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Egypt court sentences seven to life for Tahrir Square sexual assault

Latest harsh convictions for sexual violence bring hope that Egyptian treatment of the issue is changing
Protesters gather in Cairo to demand tougher punishment for sexual harassment and violence (AFP)

CAIRO - Seven men were sentenced to life in prison on Wednesday over sexual assaults at Cairo's Tahrir Square, following a pledge by Egypt's new authorities to tackle an epidemic in such crimes.

Since the 2011 uprising which toppled president Hosni Mubarak, cases of sexual harassment have soared in Egypt, with women regularly attacked at rallies by mobs in and around Tahrir, the epicentre of demonstrations.

A Cairo court also sentenced two other defendants to 20 years in prison over the assaults since January 2013.

The attacks took place on 3 and 8 June as revellers celebrated Abdel Fattah al-Sisi's presidential election victory and inauguration, and on January 25, 2013 when Egypt marked the second anniversary of the anti-Mubarak revolt.

The defendants were found guilty of kidnapping, rape, sexual attacks, attempted murder and torture of a number of women during the rallies.

The court ordered the nine convicts to be placed under police surveillance for five years after they have served their prison terms.

Life sentences in Egypt last 25 years.

"Two groups of criminals went to the square and caught a woman and her daughter. They took the woman to an area near a mosque close to the square where she was attacked and stripped her of her clothes," the prosecution said of the 3 June assault.

"They beat her and when she tried to escape, hot water fell on her, causing serious burn injuries. Despite this, the attackers circled her and sexually attacked her until she was rescued by police and citizens."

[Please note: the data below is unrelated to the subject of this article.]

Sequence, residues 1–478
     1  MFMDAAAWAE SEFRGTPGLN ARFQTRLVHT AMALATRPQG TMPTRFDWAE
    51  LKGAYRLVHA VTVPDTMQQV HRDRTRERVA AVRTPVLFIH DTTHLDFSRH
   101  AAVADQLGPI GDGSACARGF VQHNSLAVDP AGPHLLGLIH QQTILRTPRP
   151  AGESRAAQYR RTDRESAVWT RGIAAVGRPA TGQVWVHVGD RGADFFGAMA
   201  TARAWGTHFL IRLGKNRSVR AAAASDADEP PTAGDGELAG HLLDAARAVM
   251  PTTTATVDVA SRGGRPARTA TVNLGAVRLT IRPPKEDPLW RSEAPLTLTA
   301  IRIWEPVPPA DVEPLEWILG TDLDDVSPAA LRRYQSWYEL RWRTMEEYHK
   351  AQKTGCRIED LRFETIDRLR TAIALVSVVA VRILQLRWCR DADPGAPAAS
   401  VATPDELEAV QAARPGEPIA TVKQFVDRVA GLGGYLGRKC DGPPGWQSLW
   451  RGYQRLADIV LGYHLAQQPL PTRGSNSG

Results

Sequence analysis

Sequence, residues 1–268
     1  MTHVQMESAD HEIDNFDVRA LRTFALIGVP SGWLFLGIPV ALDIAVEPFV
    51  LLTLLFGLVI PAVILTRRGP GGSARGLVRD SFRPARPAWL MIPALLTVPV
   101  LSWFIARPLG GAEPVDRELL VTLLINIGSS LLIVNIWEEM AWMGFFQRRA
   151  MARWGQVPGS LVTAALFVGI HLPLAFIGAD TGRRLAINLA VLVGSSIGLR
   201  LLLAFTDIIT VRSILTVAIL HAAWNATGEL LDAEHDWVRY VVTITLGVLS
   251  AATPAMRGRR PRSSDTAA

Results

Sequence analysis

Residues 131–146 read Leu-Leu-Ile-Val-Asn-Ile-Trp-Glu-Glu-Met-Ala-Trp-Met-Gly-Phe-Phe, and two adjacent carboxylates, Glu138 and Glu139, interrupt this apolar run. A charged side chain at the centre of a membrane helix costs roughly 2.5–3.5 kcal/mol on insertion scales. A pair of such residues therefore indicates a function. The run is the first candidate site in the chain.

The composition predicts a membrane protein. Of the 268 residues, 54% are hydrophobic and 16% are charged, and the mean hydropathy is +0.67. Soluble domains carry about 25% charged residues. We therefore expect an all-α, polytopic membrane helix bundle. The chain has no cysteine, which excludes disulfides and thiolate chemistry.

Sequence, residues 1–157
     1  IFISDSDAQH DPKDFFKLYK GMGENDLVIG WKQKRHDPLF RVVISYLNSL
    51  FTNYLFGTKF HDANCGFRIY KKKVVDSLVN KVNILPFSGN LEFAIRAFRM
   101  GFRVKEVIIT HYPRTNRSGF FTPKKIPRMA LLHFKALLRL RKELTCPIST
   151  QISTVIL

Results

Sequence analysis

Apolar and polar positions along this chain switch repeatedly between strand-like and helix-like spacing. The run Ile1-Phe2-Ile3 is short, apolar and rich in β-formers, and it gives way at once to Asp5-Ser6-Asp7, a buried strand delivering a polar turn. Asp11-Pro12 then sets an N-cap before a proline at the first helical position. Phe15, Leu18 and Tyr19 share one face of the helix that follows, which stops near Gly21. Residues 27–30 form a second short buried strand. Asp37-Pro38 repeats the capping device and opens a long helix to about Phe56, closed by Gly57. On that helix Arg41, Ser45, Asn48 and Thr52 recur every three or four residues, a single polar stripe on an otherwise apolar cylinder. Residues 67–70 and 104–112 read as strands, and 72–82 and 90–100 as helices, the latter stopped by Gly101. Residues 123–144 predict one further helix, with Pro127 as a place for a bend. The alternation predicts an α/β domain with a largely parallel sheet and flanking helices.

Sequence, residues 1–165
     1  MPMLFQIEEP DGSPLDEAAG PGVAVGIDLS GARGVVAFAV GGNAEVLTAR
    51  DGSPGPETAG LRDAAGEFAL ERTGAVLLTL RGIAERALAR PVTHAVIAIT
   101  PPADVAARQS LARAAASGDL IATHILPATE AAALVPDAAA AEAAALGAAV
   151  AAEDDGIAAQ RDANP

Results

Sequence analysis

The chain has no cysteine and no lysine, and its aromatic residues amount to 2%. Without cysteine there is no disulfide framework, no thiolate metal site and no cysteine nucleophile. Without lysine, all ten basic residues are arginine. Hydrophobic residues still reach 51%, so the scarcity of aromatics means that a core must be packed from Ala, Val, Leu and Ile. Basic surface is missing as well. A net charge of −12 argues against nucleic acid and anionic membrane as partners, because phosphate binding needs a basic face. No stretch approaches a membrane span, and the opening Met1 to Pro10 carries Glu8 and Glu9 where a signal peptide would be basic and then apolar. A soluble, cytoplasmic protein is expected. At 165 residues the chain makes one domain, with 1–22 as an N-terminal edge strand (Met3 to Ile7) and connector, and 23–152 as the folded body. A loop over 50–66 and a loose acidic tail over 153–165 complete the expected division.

On 8 June, several women aged between 17 and 42 were attacked at the square by members of the same mob who carried out the 3 June assault, the prosecution said.

"The attackers separated the women, took them to different spots in the square and circled them.

"They then attacked the women, beat them and even threatened to kidnap the children of one of the victims," it charged.

Blind eye 

Activists have repeatedly accused the government of turning a blind eye to the country's rampant phenomenon of sexual violence.

Egypt, which had no specific law on sexual harassment, only recently approved penalties for such offences of jail terms, fines or both.

After Sisi's election, the authorities pledged to tackle the epidemic, as graphic video footage of a woman being sexually assaulted at Tahrir Square went viral on YouTube in early June, sparking outrage.

The footage, apparently filmed using a mobile phone, shows a mob of men surrounding a young woman, who was stripped and badly bruised in the assault.

"Egypt's women, and the world, are watching to see what President Sisi will do to put a halt to the sexual attacks and harassment," the New York-based Human Rights Watch said last month.

Credit: Giulia Bertoluzzi and Costanza Spocci for MEE